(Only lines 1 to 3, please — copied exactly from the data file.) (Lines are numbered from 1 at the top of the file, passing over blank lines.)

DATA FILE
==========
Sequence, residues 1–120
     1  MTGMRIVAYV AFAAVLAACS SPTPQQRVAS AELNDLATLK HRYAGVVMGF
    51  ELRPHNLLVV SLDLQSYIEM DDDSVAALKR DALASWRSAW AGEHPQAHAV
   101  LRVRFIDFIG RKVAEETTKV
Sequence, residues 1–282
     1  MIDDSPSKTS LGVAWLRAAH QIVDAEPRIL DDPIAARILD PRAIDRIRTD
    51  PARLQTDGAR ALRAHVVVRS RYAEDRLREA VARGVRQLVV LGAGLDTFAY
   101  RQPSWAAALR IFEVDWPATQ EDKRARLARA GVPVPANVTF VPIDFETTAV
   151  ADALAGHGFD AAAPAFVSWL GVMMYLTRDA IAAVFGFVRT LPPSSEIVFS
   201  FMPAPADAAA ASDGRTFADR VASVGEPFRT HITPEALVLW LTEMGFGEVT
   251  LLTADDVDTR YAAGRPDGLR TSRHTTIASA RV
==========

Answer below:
Sequence, residues 1–120
     1  MTGMRIVAYV AFAAVLAACS SPTPQQRVAS AELNDLATLK HRYAGVVMGF
    51  ELRPHNLLVV SLDLQSYIEM DDDSVAALKR DALASWRSAW AGEHPQAHAV